A Tale of Two Studies: Media Filtering of Science Narratives


In April, 2012, a Science article suddenly caught an extraordinary amount of media buzz: Will M. Gervais and Ara Norenzayan’s “Analytic Thinking Promotes Religious Disbelief” (Science 336, 493, 2012).  The L.A. TimesScientific American, Huffington Post, ABC News, Atlantic, Panda’s Thumb, and other prominent venues immediately drew attention to the study (of which an admirably balanced account can be found here).  It looked only at questionnaire responses given under the short-term influence of certain stimuli (e.g., viewing an image of either Renan’s analysis-suggesting The Thinker or Myron’s merely athletic Discus Thrower) . . . but screw the details, it was time to go ape on tendentious paraphrases.  “Even the Religious Lose Faith When They Think Critically” was the Atlantic’s take, and things didn’t go up from there.

But when the same two researchers published an article just one month later finding that autism tends to impede belief in a “personal God”—“Mentalizing Deficits Constrain Belief in a Personal God”—it got almost no buzz.  So far as I can tell, not one of the venues named above covered the second study.  Total blackout.  The obvious interpretation: it did not appear to pump up anybody’s culture-war narrative about Reason vs. Religion, and so was not News.

It was the best of news, it was . . . not news

There were, of course, some commentators—including some atheists—who refused to join the superficial hoot-fest over “Analytic Thinking Promotes Religious Disblief.”  One fact too little noted even by the skeptics, I think, is that the study had nothing to do with conscious analysis of religious beliefs: it looked strictly at mood-shifts below the threshold of awareness.  Such shifts, as earlier studies had already shown, can be triggered by cues as subtle as making people read an ugly, difficult font rather than an easy font.  People forced to turn on their “analytic system” in order to read crappy-looking text tend to perform better on analytic tasks shortly afterward.  Gervais and Norenzayan used ugly font as one of their stimulus sets and found that it tended to suppress religiosity in follow-up questionnaires, as expected.  Conclusion: not that religion is irrational on its face, but that we are profoundly suggestible creatures.  Which we already knew.

Also, perhaps, the experiments add support to the dual-process theory of human cognition, which Gervais and Norenzayan employ.  The idea is that we all have two cognitive systems or processes, intuitive and analytic, and activities that turn up the power on analysis tend to suck it from intuition.  So, to the extent that religion runs on “intuition,” its plausibility is weakened when cognitive resources are diverted to the analytic system, even if the religious stuff isn’t subjected to explicit analysis.  Which, in this case, it wasn’t.

What the Science study certainly does not show, or even tend to show, is that when people begin to reason about their religious beliefs they instantly see them for the idiotic confabulations that they are.  If anything, it tends to show that movement away from religious belief can be driven by subconscious shifts having no more explicit logic content than counterposed mood-swings toward belief.  That’s old news to sociologists and psychologists of religion, but contradicts any simplistic “reason sees through religion” reading of the study.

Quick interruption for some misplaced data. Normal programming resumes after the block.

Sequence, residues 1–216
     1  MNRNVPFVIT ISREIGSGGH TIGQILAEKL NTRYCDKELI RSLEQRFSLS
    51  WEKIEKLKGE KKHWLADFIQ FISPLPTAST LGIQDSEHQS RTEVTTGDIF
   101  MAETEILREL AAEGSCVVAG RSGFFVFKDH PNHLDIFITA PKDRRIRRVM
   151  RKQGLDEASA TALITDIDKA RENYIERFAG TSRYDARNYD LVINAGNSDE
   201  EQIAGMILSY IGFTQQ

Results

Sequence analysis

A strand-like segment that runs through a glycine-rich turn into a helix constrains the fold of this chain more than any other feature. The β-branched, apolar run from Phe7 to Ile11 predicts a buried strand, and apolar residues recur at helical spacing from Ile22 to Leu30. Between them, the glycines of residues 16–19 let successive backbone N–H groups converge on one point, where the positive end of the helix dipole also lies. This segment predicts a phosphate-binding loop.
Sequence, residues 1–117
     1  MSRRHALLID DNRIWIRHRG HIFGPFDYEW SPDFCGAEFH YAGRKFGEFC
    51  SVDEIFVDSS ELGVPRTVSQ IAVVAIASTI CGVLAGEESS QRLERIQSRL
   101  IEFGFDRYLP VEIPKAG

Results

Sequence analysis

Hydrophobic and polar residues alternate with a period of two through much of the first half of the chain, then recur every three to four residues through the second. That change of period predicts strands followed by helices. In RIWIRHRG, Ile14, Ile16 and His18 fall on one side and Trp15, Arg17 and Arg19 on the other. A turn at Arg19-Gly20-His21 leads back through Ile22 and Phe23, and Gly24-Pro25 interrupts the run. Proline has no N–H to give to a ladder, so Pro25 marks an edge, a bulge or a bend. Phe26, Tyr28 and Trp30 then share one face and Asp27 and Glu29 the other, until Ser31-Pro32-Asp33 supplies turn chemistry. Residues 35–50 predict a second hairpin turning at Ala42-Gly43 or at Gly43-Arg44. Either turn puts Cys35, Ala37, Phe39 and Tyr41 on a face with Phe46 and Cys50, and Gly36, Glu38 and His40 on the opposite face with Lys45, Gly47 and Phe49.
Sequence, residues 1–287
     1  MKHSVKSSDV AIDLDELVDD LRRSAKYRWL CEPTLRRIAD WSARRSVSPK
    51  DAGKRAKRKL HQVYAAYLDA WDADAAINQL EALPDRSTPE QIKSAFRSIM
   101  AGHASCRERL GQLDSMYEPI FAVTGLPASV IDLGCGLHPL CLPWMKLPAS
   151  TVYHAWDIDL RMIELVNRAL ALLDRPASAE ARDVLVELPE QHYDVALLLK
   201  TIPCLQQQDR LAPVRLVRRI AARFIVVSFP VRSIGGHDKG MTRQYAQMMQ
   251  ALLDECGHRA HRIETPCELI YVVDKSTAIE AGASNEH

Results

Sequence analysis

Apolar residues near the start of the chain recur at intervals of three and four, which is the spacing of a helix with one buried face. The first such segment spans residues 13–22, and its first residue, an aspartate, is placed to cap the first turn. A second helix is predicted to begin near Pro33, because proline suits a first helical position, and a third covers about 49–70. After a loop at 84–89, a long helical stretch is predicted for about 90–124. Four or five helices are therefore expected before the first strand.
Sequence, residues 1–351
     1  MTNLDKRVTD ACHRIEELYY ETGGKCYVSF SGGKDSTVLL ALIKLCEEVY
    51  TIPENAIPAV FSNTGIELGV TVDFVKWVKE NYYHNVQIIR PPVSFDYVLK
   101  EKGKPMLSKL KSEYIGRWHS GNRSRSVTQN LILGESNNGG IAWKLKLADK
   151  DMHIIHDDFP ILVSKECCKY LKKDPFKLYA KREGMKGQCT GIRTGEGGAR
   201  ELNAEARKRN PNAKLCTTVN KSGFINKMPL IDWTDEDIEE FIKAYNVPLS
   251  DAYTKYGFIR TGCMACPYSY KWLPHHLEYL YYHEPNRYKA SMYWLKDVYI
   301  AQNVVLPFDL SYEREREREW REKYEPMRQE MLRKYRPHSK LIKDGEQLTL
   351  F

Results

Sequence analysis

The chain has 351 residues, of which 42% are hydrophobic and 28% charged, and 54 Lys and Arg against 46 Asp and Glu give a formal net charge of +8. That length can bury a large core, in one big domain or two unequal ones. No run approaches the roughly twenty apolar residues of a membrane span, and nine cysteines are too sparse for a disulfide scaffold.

It is best to put aside all hope that either religion or atheism can be meaningfully promoted or demoted by experimental methods.   Gervais and Norenzayan’s data are about certain very narrowly-defined aspects of the cognitive psychology of certain humans selected from a culturally narrow sample population: they reveal nothing about the nature of the God, the Universe, and Everything.  We cannot decide such questions by such means.  Ditto for their autism study.

As an Episcopalian Christian with a doctorate in Engineering Sciences, my own background is a vanilla-fudge swirl of religious ideation and hard-core analytic training. I’m no super-shakes at either, but my experience of this twofold path, as far as it goes, is that considered merely as moods, analysis and religious awe (and kindred ecstatic states) are indeed often in tension, even at war.   There really does seem to be a tendency for the analytic mood to dilute or diminish the religious or ecstatic mood.

On the other hand, I do not find that all religious beliefs simply crumble away when subjected to the bright, clean light of logic.  Of course they don’t.  As a pre-teen, my first serious encounter with emphatically analytic, logical writing was in the religious essays of C. S. Lewis: I ate it up.  Since then, I can say of the tension between the analytic and the ecstatic, as Scrooge’s nephew said of Christmas, “I believe that it has done me good, and will do me good; and I say, God bless it!”  It is what provokes all good theological writing, which attempts to bring the two ends together in a coherent, fruitful way.

It would not surprise me if a future study found that religious believers who engage consciously and analytically with their faith in an ongoing way are less likely to give it up, in the long run, than those who do not.  I also suspect—the hypothesis follows trivially from the dual-process theory of cognition that Gervais and Norenzayan favor—that experiments similar to those described in the Science paper would show that subconscious, pro-analytic mood shifts, or outright exercise of our analytic abilities, tends to suppress (at least briefly) not only our religiosity but our ability to engage with beauty, morality, joy, empathy, and all other “intuitive” aspects of the self—aspects that even evangelical atheists would not be so anxious, I am sure, to mock or ditch.

Of my experience of the darker side of this basic tension, I will say more next week.